and just use izip() instead to avoid the module namespace lookup. The
    same applies for the list.append() methods. If you're appending some
    million times

    a_list = []
    a_list_append = a_list.append
    a_list_append(value)

    will be faster than

    a_list.append(value)

    but not much.
     
    Rune Strand, Jul 4, 2006
    #6


  7. indeed thanks very much :)

    my tests on 4 million:-

    slice (original):
    7.73399996758

    built in zip:
    36.7350001335

    izip:
    5.98399996758

    Steven slice:
    4.96899986267


    so overall fastest so far








    I was beginning to suspect this was the case (I opened windows task
    manager and noticed the memory usage) thanks for explaining it to me.



     
    mart.franklin, Jul 4, 2006
    #7
  8. indeed, the joke is on me ;) I thanks for pointing it out
     
    mart.franklin, Jul 4, 2006
    #8
  9. This is, I think, a good case for an old-fashioned for-with-index loop:

    for i in len(a):
    e.append(c - d - (a - b)**2)

    Python doesn't optimize away lines of code -- you have to do it yourself.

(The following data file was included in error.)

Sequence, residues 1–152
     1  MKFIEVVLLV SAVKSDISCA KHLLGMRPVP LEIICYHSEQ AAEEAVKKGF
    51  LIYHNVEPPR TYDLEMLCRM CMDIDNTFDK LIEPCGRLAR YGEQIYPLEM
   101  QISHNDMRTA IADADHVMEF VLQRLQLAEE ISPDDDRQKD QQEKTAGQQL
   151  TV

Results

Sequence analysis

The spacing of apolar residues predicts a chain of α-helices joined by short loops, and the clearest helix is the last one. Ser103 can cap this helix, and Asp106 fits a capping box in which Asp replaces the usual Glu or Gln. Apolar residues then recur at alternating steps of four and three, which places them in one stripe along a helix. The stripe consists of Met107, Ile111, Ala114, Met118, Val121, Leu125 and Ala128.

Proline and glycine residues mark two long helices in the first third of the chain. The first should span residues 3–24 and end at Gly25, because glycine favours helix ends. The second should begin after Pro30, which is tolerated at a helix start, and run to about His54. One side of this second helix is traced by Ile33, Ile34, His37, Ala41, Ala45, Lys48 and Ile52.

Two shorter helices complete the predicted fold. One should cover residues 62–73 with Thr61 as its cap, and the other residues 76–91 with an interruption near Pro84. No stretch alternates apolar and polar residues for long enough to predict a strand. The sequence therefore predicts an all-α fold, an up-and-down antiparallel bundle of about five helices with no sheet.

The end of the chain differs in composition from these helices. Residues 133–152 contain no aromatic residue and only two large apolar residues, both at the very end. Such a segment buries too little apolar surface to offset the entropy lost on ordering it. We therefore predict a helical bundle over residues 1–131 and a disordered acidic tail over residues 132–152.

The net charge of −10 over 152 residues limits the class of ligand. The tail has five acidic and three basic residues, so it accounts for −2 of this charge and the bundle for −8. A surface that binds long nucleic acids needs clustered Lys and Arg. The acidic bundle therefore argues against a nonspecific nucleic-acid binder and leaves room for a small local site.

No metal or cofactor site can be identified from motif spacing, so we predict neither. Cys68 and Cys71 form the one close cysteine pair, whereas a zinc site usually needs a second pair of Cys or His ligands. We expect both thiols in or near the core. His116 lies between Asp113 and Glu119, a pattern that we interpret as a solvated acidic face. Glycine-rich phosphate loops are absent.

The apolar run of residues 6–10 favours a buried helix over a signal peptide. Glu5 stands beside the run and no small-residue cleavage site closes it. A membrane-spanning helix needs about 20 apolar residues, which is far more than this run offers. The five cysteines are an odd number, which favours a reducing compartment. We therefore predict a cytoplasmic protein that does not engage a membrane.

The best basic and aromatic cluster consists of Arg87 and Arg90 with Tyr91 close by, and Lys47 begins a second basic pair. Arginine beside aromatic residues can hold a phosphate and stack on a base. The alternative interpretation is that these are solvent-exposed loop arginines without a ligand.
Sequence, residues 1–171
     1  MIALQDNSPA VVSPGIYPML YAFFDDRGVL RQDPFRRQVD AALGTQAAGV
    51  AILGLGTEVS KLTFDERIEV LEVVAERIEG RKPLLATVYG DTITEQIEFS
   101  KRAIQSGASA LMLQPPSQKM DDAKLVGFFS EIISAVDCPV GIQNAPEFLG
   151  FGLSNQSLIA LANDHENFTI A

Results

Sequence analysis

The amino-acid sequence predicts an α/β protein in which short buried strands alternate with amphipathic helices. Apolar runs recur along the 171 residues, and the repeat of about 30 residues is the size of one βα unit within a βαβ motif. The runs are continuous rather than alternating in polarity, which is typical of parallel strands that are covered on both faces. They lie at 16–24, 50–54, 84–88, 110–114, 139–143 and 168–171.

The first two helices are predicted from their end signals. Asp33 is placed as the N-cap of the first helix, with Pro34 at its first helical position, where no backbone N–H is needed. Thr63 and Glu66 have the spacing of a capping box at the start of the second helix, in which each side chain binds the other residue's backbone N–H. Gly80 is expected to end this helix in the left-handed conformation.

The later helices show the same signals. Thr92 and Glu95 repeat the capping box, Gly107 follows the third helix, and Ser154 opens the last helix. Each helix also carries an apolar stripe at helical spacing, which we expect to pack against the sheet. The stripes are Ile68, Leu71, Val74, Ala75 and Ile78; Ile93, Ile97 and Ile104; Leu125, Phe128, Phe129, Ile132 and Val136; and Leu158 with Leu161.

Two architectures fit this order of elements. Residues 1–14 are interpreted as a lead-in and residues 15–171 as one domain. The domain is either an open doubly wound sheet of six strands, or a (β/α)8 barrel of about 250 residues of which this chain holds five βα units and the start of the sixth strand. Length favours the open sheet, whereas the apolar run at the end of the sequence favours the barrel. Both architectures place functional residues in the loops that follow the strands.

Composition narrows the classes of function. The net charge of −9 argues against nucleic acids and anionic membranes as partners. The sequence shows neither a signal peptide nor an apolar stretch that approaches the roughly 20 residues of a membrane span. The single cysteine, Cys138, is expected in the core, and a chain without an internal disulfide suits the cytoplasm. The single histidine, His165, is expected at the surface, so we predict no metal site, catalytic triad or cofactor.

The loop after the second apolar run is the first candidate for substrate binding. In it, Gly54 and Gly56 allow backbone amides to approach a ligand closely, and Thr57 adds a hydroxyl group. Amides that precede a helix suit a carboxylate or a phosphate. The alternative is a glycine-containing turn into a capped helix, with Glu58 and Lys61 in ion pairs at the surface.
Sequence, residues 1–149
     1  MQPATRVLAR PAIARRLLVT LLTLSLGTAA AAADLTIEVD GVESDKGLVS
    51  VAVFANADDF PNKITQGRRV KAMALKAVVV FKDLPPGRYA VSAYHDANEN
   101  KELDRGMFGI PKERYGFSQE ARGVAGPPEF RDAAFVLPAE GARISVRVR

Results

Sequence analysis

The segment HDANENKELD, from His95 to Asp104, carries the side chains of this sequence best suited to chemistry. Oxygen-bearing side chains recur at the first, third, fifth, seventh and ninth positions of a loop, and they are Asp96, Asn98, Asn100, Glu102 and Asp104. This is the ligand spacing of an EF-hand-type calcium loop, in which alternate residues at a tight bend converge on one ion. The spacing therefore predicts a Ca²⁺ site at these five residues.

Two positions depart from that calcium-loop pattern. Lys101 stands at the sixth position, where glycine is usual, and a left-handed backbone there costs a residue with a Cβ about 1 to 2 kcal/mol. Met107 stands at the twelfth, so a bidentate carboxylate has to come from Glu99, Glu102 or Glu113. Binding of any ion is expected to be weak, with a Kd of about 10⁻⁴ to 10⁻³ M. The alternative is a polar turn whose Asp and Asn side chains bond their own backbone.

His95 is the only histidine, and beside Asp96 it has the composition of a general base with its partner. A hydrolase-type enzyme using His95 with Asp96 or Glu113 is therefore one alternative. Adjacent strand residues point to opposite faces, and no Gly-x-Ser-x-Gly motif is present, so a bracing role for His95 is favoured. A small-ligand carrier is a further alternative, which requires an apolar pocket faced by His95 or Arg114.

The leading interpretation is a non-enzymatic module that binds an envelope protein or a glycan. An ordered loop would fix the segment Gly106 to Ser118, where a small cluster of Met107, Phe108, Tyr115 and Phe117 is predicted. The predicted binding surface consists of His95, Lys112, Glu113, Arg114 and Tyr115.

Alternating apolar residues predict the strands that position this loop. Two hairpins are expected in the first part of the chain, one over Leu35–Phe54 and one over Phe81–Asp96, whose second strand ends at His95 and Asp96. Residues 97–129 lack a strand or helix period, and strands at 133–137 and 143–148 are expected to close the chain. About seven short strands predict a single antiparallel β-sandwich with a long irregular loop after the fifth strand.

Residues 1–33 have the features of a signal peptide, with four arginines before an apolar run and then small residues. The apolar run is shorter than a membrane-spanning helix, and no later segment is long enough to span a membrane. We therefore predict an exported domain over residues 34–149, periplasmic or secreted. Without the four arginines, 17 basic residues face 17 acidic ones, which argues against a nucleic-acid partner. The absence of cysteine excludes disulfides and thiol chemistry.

Every line of Python code takes a bit of time to execute. My version uses
    34 lines disassembled; yours takes 60 lines, almost twice as much code.

    (See the dis module for further details.)

    It's too much to hope that my code will be twice as fast as yours, but it
    should be a little faster.
    Yes. zip() makes a copy of your data. It's going to take some time to copy
    4 * 200,000 floats into one rather large list. That list is an ordinary
    Python list of objects, not an array of bytes like the array module
    uses. That means zip has to convert every one of those 800,000 floats
    into rich Python float objects. This won't matter for small sets of data,
    but with 800,000 of them, it all adds up.
     
    Steven D'Aprano, Jul 4, 2006
    #9
  10. :

    Using Python you can do: